Sometimes the black letter law passed by the legislature is unclear. The legislature can’t anticipate every possible fact scenario when they pass a law, so it lay to the courts to interpret the law and give guidance to what it means. This interpretation is called case law. When the court decides a certain meeting to the law it essentially answers a legal question. Lawyers and other courts then can rely on that ruling when they have a similar issue in their case. The following case answers the question above.

O’Donogue v. Farm Bureau Mutual Insurance Co., 275 Kan. 430, 66 P.3d 822 (2003).

This case addresses the following issue:

Is an insurance company required to pay the difference between the settlement amount received by an insured and the limits of the insured’s underinsured motorist policy?

Plaintiff was a passenger that was killed in a single-car accident. Id. at 431. However, because the car had three passengers, the limits of the driver’s insurance policy had to be divided between the victims, resulting in a very minimal payout to Plaintiff’s estate. Id. The court determined that Plaintiff’s own policy, which covered accidents with underinsured motorists, covered Plaintiff’s claim. Id. at 431. The court ultimately found that Defendant would owe Plaintiff the difference between her recovery from the underinsured motorist and the limits of Plaintiff’s own policy. Id. at 441.

This case is a bit convoluted and involves some odd facts. Plaintiff was one of three passengers in a car being driven by Plaintiff’s friend. Id. at 432. The driver carelessly caused an accident which severally injured two passengers and killed Plaintiff. Id. All three passengers (Plaintiff via her estate) filed suit against the driver, resulting in the driver’s insurance policy limits being divided equally between the three. Id. Plaintiff also had her own underinsured motorist policy with Defendant. Id. Plaintiff’s policy was limited to $100,000, so her estate sought $75,000—the difference between the policy limits and what the estate had received from the driver’s insurance—from Defendant pursuant to the policy. Id.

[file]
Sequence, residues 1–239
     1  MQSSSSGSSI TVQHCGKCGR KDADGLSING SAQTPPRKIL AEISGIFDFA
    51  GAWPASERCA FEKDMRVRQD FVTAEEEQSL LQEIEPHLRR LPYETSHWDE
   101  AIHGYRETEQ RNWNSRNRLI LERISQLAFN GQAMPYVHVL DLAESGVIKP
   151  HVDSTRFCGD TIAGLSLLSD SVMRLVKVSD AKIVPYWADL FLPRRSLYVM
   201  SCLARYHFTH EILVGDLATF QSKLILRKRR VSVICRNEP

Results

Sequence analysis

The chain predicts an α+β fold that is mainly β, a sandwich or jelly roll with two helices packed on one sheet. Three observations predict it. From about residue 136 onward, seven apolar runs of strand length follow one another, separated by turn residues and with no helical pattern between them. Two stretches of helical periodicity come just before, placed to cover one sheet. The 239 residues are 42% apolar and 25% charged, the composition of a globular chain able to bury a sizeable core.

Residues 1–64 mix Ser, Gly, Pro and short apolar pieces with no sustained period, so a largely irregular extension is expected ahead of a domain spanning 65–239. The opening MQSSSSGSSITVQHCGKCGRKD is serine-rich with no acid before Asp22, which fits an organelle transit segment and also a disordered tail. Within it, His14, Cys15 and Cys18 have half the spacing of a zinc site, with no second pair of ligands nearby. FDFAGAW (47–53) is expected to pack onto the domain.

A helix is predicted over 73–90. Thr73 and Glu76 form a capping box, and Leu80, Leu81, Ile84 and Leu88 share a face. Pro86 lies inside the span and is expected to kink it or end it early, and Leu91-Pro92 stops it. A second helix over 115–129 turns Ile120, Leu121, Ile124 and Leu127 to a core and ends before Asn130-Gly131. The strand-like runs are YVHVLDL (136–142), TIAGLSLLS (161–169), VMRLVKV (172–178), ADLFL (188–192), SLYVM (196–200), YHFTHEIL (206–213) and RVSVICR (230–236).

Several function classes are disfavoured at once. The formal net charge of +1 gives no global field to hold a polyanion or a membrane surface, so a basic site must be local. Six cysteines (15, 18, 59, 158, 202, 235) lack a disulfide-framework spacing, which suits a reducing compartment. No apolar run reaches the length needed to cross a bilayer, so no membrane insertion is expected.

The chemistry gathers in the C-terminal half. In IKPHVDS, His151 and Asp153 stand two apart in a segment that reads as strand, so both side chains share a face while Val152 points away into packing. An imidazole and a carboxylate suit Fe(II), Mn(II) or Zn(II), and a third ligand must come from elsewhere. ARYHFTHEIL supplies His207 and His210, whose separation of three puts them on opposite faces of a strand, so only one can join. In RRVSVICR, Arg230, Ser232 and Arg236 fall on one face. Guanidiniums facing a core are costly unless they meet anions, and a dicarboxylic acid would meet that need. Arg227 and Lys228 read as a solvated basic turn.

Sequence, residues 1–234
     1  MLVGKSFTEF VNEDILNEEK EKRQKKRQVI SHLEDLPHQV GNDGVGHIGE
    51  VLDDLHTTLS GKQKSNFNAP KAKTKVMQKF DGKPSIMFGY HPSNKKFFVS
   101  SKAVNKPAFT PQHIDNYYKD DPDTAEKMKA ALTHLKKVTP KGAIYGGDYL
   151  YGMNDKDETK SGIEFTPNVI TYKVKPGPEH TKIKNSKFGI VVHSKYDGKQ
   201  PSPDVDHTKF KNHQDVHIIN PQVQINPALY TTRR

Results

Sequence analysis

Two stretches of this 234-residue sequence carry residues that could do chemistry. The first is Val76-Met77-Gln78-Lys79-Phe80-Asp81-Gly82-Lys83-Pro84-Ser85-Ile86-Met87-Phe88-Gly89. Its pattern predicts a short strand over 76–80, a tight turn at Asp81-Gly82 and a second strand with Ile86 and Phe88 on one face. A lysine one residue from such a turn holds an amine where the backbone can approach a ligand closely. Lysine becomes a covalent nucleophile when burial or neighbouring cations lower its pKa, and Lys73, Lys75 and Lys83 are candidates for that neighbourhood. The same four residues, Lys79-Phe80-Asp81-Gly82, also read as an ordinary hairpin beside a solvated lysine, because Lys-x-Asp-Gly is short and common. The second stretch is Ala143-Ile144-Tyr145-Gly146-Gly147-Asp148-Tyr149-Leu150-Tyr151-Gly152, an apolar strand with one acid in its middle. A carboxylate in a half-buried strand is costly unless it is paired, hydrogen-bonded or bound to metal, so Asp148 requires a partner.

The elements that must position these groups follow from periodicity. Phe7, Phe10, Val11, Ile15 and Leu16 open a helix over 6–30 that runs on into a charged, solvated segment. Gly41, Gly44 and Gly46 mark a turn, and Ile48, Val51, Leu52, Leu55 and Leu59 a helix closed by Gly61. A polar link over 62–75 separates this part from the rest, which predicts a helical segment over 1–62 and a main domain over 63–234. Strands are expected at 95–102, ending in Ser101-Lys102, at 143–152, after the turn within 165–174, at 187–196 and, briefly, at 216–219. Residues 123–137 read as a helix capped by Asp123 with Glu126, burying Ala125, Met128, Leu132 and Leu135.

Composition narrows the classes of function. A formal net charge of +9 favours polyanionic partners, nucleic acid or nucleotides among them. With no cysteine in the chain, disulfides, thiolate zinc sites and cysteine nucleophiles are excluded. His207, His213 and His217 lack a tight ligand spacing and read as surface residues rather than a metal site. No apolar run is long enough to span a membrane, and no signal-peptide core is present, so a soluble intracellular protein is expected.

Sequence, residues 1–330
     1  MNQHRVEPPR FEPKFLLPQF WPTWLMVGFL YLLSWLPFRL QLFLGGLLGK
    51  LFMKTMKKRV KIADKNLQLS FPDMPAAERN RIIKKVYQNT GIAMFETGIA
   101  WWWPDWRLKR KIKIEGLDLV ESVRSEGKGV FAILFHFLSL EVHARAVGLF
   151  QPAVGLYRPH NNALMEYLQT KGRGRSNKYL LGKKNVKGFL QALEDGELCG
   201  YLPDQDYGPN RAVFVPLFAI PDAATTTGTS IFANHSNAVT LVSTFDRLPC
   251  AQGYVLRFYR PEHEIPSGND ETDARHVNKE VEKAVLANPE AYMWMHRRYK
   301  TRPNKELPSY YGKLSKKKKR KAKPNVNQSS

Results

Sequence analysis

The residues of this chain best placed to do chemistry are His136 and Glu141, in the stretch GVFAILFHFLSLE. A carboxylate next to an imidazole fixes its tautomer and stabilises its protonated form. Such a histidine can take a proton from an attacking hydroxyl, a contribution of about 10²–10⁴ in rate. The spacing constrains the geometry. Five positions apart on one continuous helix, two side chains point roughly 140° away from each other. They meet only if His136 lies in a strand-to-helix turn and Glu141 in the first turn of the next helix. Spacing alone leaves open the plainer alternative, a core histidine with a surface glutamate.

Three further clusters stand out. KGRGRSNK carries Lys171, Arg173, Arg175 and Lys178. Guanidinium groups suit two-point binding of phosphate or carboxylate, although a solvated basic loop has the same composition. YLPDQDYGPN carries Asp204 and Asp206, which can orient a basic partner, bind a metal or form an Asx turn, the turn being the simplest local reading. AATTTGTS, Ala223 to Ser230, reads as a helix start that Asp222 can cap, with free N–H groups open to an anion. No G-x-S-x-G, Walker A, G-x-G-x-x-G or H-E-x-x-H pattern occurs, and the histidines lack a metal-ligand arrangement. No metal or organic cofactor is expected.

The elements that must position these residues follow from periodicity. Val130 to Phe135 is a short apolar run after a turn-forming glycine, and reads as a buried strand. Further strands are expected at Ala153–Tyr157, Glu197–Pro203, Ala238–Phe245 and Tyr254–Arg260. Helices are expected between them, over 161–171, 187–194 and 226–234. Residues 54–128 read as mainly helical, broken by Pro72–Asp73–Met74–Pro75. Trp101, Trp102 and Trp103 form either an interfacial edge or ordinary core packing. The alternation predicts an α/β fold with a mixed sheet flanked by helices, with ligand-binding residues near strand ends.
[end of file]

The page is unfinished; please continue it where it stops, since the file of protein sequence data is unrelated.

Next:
The court was largely being asked to interpret a statute, Section 40-284, which allows an insured to pursue claims under her own insurance policy, even though such claims would be the responsibility of another motorist. Id. at 433. The confusion largely dealt with whether the insured’s policy limits must be greater than those of the responsible motorists. Id. at 434.

After weighing the options and reviewing—in great, great detail—the language of the statute, the court found that the test itself was flawed. Id. at 440. Rather than testing the policy limits of the insured’s policy against the policy limits of the third-party, the real question was whether the insured’s damages exceeded what the insured was entitled to receive under the other driver’s policy. Id. Here, because there were three claimants who each got a portion of the settlement from the responsible driver, that was the appropriate metric. Id. The Defendant was responsible for the difference between the policy limits and what the Plaintiff had already actually received. Id. The ultimately policy limits, while generally useful in a single-claimant scenario, were not appropriate to use in this situation. Id. Thus, the trial court had correctly awarded Plaintiff her policy limits ($100,000) minus her recovery from the driver ($25,000), for an actual award of $75,000. Id.